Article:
Article

Original Article

Ann Lab Med 2022; 42(2): 150-159

Published online March 1, 2022 https://doi.org/10.3343/alm.2022.42.2.150

Copyright © Korean Society for Laboratory Medicine.

Periodic Comparability Verification and Within-Laboratory Harmonization of Clinical Chemistry Laboratory Results at a Large Healthcare Center With Multiple Instruments

Youngwon Nam, M.D.1,2 , Joon Hee Lee, M.D.1,2 , Sung Min Kim, M.T.2 , Sun-Hee Jun, M.T.2 , Sang Hoon Song, M.D., Ph.D.1,3 , Kyunghoon Lee, M.D.1,2 , and Junghan Song, M.D., Ph.D.1,2

1Department of Laboratory Medicine, Seoul National University College of Medicine, Seoul, Korea; 2Department of Laboratory Medicine, Seoul National University Bundang Hospital, Seongnam, Korea; 3Department of Laboratory Medicine, Seoul National University Hospital, Seoul, Korea

Correspondence to: Junghan Song, M.D., Ph.D.
Department of Laboratory Medicine, Seoul National University Bundang Hospital, 82 Gumi-ro 173beon-gil, Bundang-gu, Seongnam 13620, Korea
Tel: +82-31-787-7691
Fax: +82-31-787-4015
E-mail: songjhcp@snu.ac.kr

Kyunghoon Lee, M.D.
Department of Laboratory Medicine, Seoul National University Bundang Hospital, 82 Gumi-ro 173beon-gil, Bundang-gu, Seongnam 13620, Korea
Tel: +82-31-787-7696
Fax: +82-31-787-4015
E-mail: khlee59023@gmail.com

Received: October 20, 2020; Revised: April 21, 2021; Accepted: September 9, 2021

This is an Open Access article distributed under the terms of the Creative Commons Attribution Non-Commercial License (http://creativecommons.org/licenses/by-nc/4.0) which permits unrestricted non-commercial use, distribution, and reproduction in any medium, provided the original work is properly cited.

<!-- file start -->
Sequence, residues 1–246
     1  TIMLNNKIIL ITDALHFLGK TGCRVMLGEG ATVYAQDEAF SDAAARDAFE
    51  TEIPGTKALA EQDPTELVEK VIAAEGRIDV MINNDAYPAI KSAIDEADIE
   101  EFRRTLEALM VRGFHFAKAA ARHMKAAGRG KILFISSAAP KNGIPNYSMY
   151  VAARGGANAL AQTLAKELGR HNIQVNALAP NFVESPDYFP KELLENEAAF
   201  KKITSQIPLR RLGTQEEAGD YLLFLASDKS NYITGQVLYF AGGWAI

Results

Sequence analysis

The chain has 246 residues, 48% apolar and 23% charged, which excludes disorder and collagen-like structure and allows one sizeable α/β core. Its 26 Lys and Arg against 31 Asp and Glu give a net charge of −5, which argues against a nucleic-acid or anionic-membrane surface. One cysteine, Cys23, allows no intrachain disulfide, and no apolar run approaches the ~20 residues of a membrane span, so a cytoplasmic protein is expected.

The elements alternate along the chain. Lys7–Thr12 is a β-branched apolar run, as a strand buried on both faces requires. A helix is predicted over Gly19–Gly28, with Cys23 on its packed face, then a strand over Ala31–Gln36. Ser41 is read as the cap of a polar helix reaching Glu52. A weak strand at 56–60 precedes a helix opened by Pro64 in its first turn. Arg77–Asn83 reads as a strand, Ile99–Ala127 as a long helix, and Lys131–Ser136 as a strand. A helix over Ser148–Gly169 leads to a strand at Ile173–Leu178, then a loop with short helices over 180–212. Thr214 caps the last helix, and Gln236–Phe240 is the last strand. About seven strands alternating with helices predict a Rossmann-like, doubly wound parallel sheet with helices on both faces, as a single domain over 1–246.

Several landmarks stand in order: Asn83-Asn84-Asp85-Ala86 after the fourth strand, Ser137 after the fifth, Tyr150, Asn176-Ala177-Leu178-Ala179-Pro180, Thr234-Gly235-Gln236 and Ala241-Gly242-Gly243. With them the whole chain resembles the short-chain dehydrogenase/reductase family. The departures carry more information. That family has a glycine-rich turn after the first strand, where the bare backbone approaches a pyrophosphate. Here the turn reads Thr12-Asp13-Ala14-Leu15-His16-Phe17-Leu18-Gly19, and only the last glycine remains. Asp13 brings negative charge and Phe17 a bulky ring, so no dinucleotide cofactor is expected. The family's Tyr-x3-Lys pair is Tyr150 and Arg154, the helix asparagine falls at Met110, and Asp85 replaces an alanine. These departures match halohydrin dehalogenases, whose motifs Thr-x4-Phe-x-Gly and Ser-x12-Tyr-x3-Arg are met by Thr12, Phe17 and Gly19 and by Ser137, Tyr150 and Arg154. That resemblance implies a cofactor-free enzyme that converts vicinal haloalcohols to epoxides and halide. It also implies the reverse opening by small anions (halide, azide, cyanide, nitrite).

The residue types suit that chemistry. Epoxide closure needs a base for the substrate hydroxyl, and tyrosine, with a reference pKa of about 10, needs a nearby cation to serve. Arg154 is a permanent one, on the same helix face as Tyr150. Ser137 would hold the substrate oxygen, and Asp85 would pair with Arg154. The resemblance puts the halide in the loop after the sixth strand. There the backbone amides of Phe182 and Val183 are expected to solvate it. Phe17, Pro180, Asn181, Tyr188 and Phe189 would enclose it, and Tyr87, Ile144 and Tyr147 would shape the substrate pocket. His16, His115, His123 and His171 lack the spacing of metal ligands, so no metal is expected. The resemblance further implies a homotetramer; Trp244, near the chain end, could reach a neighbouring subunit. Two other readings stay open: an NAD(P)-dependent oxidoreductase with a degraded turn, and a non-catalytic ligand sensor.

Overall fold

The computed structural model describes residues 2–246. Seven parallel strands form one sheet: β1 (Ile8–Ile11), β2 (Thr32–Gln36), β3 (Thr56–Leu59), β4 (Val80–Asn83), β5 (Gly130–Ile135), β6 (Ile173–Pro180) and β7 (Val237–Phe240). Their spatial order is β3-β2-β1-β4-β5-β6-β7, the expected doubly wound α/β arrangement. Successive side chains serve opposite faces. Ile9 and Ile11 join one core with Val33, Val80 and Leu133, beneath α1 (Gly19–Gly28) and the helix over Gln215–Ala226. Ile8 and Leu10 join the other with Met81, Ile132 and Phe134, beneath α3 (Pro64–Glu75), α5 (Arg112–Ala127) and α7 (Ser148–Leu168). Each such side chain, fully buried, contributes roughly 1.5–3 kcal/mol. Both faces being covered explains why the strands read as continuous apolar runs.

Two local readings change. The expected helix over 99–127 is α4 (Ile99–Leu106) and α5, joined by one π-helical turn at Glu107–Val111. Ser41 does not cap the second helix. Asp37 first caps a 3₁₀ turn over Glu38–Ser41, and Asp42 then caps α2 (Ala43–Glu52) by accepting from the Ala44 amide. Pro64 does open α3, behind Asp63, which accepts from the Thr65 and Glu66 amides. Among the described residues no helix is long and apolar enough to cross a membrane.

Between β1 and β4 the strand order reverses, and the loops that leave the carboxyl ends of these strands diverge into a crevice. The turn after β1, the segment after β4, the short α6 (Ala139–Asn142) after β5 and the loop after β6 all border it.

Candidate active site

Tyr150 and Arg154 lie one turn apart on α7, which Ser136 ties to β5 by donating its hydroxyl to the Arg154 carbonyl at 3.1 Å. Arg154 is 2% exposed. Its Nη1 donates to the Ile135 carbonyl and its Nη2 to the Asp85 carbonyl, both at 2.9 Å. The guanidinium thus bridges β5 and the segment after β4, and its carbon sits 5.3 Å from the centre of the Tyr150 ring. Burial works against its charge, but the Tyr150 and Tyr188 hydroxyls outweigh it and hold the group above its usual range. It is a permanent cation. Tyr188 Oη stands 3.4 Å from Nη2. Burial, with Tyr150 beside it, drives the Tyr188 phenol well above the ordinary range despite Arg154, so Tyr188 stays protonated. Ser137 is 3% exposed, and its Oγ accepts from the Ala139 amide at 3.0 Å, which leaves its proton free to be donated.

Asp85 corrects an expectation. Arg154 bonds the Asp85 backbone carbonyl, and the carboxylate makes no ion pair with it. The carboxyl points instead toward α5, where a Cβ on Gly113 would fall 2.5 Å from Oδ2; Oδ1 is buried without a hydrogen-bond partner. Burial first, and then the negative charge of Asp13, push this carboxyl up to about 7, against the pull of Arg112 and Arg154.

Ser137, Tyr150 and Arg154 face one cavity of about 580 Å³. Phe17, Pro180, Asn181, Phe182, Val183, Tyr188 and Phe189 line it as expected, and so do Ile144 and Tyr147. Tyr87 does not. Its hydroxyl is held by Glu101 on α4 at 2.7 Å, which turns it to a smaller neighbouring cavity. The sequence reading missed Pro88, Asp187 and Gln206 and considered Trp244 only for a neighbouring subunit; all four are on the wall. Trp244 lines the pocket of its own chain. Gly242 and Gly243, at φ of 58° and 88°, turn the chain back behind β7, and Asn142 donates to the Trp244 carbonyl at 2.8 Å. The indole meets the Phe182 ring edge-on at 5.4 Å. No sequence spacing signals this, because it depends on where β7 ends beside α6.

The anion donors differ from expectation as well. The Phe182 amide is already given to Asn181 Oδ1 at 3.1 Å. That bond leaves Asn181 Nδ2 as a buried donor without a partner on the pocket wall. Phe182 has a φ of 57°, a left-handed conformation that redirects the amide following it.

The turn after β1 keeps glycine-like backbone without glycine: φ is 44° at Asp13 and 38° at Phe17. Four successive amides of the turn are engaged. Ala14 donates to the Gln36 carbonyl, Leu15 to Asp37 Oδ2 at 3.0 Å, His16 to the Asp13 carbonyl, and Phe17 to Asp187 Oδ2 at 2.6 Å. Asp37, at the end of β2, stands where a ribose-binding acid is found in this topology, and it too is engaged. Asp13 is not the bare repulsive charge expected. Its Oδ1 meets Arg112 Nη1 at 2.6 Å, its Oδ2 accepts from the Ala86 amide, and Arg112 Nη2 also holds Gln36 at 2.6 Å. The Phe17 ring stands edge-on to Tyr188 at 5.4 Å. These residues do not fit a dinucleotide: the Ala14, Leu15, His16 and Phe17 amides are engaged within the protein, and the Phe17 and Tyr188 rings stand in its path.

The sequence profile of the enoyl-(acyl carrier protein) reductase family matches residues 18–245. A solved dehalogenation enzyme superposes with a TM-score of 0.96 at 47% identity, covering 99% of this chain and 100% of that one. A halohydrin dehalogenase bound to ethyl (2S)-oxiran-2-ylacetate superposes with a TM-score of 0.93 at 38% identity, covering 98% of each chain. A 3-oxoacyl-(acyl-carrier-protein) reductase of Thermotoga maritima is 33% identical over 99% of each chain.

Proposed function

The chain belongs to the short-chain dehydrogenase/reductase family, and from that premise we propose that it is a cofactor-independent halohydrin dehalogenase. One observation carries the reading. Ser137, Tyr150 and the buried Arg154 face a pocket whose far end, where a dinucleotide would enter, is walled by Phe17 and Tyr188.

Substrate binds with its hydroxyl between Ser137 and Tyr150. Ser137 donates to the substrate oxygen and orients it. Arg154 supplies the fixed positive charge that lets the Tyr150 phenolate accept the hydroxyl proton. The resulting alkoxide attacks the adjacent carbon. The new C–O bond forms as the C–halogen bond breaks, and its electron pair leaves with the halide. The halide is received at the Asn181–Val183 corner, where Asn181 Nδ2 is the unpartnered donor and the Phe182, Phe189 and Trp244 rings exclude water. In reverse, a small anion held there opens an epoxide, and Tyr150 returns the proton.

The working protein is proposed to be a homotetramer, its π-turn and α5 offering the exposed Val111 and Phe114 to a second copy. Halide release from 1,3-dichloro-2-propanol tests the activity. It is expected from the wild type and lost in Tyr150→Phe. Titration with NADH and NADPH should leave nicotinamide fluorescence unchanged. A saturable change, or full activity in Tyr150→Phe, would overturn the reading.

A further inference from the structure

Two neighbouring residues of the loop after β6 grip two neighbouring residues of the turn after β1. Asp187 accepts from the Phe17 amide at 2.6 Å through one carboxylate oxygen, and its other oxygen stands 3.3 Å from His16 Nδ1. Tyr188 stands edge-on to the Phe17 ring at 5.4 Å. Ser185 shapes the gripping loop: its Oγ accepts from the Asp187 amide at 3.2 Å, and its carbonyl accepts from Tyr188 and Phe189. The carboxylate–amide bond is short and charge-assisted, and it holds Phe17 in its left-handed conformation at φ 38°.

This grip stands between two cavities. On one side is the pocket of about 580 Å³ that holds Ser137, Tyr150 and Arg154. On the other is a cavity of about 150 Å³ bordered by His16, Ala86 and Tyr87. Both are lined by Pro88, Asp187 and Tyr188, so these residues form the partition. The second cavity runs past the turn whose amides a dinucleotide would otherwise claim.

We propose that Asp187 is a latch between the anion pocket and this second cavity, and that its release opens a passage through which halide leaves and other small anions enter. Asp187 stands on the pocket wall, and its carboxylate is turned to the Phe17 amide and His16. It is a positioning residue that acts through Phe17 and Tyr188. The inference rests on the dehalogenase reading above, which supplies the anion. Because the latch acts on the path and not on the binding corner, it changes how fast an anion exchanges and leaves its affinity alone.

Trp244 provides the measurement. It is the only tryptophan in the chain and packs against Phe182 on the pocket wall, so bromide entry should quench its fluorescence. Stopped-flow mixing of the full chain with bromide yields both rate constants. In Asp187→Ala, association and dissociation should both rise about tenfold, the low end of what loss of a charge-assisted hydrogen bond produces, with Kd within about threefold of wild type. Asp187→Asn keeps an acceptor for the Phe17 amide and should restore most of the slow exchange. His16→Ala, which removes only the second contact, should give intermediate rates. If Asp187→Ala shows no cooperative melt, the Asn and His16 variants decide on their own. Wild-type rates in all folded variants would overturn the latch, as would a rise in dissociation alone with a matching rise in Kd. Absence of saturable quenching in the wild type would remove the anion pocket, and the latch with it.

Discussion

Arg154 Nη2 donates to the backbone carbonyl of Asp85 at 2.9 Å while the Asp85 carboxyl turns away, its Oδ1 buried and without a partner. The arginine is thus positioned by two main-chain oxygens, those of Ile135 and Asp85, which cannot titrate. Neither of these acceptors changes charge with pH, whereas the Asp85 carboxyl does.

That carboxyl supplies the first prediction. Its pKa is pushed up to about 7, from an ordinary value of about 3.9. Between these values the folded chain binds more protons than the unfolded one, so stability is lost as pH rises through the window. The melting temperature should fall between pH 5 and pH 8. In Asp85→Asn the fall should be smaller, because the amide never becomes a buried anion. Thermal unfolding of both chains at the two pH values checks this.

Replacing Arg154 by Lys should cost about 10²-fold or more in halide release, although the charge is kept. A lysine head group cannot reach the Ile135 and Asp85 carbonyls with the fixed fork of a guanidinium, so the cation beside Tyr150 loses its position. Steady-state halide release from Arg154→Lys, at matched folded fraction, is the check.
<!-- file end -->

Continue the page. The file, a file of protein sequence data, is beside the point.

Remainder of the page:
Abstract

Background: Results from laboratories using multiple instruments should be standardized or harmonized and comparability-verified for consistent quality control. We developed a simple frequent comparability verification methodology applicable to large healthcare centers using multiple clinical chemistry instruments from different manufacturers.
Methods: Comparability of five clinical chemistry instruments (Beckman Coulter AU5800, Abbott Architect Ci16000, two Siemens Vista 1500, and Ortho Vitros 5600) was evaluated from 2015 to 2019 for 12 clinical chemistry measurements. Pooled residual patient samples were used for weekly verifications. Results from any instrument exceeding the allowable verification range versus the results from the comparative instrument (AU5800) were reported to clinicians after being multiplied by conversion factors that were determined via a linear regression equation obtained from simplified comparison.
Results: Over the five-year study period, 432 weekly inter-instrument comparability verification results were obtained. Approximately 58% of results were converted due to non-comparable verification. Expected average absolute percent bias and percentage of non-comparable results for non-converted and converted results after conversion action were much lower than those for data measured before conversion action. The inter-instrument CV for both non-converted and converted results after conversion action was much lower than that for measured data before conversion action for all analytes.
Conclusions: We maintained within-laboratory comparability of clinical chemistry tests from multiple instruments for five years using frequent low-labor periodic comparability verification methods from pooled residual sera. This methodology is applicable to large testing facilities using multiple instruments.

Keywords: Comparability, Clinical chemistry, Instruments, Verification